Financial sector development, savings and economic performance: A case study of Libya
, PhD thesis, University of Salford.
The financial liberalisation theorem postulates that liberalising the financial sector
is a route to increasing savings and investment, and thus the promotion of
growth. Endogenous growth models suggest that financial sector development
increases savings mobilisation, transfers savings into investments, and
increases the productivity of investment, with the consequence of economic
growth and improved economic performance. However, in practice, experience
has shown that a number of developing countries do not demonstrate this kind of
relationship, and have rather, recorded relatively low growth despite achieving
high savings rates.
It is argued that the reason why few authors have found empirical evidence
supporting the notion that saving causes growth in developing countries, and
have found instead that growth causes savings, is these scholars' failure to
consider the productivity of investment financed by savings, evidenced by the
tendency to use aggregate measures of savings. This work proposes that the
quality of saving is important, and instead of using gross saving, financial
savings is used as a measure of savings.
Despite the implementation of reforms and liberalisation in the financial sector,
especially the banking industry, as the major elements of the economic reforms
and structural adjustment programmes in Libya in the early 1990s, the resulting
improved economic performance has not been followed by sustained economic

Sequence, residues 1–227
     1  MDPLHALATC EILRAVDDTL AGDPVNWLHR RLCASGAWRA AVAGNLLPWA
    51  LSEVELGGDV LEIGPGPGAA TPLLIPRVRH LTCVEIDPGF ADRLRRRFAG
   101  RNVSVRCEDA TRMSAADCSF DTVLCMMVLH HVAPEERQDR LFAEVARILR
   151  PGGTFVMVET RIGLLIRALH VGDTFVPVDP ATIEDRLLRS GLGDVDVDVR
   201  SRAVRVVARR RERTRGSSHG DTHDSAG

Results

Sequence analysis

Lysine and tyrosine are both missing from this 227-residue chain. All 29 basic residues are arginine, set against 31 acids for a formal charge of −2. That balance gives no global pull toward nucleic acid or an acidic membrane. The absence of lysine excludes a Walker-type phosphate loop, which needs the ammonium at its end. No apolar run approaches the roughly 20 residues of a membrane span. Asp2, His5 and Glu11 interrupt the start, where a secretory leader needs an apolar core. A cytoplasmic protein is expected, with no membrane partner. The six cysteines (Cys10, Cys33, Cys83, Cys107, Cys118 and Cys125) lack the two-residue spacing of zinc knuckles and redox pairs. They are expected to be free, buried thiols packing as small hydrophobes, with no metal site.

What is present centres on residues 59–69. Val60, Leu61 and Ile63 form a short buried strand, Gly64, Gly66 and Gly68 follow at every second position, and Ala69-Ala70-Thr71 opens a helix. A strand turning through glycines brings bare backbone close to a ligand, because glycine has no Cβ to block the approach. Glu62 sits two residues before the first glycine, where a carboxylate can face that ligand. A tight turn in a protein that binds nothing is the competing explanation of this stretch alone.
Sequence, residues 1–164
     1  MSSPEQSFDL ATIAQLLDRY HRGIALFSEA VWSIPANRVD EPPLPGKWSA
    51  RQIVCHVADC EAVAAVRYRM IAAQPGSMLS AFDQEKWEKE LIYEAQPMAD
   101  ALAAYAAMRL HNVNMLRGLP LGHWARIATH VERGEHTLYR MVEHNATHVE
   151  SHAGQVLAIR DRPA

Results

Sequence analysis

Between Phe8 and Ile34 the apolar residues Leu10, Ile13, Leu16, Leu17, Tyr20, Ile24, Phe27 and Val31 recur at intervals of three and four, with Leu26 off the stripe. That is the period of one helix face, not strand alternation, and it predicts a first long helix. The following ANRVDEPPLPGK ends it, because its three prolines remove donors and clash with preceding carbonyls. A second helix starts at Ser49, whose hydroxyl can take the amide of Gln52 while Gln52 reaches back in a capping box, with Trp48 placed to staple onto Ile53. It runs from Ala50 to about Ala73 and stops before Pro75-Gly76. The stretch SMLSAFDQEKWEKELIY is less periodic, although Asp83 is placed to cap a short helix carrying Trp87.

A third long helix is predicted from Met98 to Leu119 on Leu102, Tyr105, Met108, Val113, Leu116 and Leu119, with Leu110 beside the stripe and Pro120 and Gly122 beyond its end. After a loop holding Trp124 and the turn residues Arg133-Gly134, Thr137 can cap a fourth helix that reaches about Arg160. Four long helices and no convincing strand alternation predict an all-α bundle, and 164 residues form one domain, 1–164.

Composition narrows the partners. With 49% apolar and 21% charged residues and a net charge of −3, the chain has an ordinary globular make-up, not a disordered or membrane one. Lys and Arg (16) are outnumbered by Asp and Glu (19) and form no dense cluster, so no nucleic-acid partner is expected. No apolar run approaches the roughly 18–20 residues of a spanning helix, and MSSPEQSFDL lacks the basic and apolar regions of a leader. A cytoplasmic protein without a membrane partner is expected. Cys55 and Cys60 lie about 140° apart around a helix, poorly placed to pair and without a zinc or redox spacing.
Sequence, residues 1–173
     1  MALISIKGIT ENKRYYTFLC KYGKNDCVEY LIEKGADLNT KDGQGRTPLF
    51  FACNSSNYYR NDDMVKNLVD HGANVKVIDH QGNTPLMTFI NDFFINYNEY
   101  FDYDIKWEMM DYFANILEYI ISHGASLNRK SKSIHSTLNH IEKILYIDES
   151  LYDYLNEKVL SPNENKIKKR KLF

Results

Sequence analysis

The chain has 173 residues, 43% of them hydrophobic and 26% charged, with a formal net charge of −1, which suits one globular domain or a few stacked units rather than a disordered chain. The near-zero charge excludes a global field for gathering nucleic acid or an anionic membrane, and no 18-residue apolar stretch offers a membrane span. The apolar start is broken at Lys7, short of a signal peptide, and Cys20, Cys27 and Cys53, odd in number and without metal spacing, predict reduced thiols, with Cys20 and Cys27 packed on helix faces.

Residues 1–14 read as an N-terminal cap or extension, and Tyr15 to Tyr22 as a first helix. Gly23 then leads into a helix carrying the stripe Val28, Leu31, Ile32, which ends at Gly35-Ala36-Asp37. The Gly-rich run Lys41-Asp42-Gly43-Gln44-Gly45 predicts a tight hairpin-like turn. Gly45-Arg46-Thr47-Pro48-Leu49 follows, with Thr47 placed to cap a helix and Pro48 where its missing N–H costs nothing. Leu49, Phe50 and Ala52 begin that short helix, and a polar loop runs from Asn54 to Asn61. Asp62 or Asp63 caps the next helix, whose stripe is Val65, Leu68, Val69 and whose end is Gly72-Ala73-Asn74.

growth and development, and investment rates are still insufficient to achieve
this. Therefore, the purpose of the study is to identify the role of the financial
sector, examining the impact of its development on saving, and on the growth of
the Libyan economy.
The methodology used in this research involved the quantitative approach. The
quantitative aspect was based on an empirical assessment of the importance of financial sector development by using time-series econometric techniques
including the unit root test, testing for cointegration and causality for the variables
of the study. The results indicate that the impact of the real interest rate on
financial saving and domestic investment is negative in the long run. The impact
of real output on financial savings and domestic investment is positive in the long
run. Credit as an indicator of financial sector development, has a very small
impact on domestic saving in the long run and is highly insignificant in the long
run. The causality test results indicate that causality runs from growth to financial
savings, from growth or real output to credit. The study suggests that more
attention should be paid to other aspects of financial liberalisation and financial
reforms because liberalising the interest rate is not only the key aspect of
financial sector reform.
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